High-tech IDs would use ‘brain power’

Saturday, April 29th, 2006

Researchers are developing a new brainwave technology which would make troublesome computer passwords a thing of the past for users

Charles Mandel

Digital security researchers at Ottawa’s Carleton University are proposing a new biometrics system for computer security using “pass-thoughts.”

Users would employ their brain signals as passwords, transmitting thoughts to their computers to verify their identification.

The researchers say pass-thoughts could help defeat so-called shoulder-surfers — people who watch others punch in computer passwords in order to steal them.

“We’re in the process of doing a proof-of-concept right now,” said Carleton researcher Julie Thorpe in an interview Friday. “We’re just experimenting in the lab and seeing what we can get.”

In a recent paper titled Pass-thoughts: Authenticating with Our Minds, Thorpe, Paul van Oorschot and Anil Somayaji — researchers in Carleton’s Digital Security Group in the School of Computer Science — write that they’ve outlined “the design of what we believe to be a currently feasible pass-thought system.”

The system builds on current brain-computer interface (BCI) research used in areas such as prosthetics for disabled patients. Thorpe notes that with BCIs scientists have made it possible for the disabled to control computer cursors on screens and use rudimentary spelling devices.

Pass-thoughts could consist of words, images or even music.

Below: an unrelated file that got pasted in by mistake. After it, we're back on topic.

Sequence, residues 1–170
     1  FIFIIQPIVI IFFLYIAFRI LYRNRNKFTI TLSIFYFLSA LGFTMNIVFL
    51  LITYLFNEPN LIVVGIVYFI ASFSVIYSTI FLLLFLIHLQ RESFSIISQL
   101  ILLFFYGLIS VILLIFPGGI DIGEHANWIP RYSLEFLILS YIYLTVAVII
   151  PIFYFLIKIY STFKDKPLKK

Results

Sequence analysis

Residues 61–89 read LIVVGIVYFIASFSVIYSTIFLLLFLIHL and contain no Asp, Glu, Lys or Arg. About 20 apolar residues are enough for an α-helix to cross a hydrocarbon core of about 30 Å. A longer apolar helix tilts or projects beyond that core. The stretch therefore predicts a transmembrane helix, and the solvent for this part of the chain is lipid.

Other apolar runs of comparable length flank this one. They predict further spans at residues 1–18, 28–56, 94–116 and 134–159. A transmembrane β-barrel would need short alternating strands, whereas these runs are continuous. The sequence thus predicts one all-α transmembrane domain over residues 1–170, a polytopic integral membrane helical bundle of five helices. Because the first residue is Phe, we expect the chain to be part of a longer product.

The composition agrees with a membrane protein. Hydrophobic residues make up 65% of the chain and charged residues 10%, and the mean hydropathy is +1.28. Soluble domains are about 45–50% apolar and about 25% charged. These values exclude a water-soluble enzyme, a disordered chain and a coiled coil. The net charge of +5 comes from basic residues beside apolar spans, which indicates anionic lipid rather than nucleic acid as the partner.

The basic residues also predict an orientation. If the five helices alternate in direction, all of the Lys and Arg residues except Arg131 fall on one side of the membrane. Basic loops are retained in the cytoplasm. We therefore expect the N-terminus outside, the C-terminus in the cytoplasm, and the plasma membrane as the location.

Users would wear a headphone-like device featuring external electrodes attached to their heads. They would press a computer key, causing some sort of stimulus such as an image to be flashed at them. Their response to that stimulus would be the pass-thought, unlocking their computer.

Thorpe said an alternate pass-thought system might involve thinking a specific thought in response to the stimulus.

The researchers believe electroencephalogram (EEG) signals, which represent electrical activity in the brain, have potential as thought-passes because the “alpha frequency (a signal feature in an EEG signal) has been found to have considerable variability between subjects.”

Just don’t expect to wrinkle up your brow and beam thoughts at your computer any time soon.

Several challenges exist before thought-passes become an everyday technology.

The toughest problem is separating the pass-thought from all other brainwave activity.

“There’s a lot of things going on in your brain at any one time,” Thorpe said. “You want to be able to isolate one piece of that. That’s the part you want to be repeatable for your pass sign.”

Thorpe said even if the scientists arrive at their proof, it will likely be decades before pass-thoughts are commercially available.

David Lie, an assistant professor in electrical and computer engineering at the University of Toronto, believes engineering such a device might be difficult but not impossible.

© The Vancouver Sun 2006


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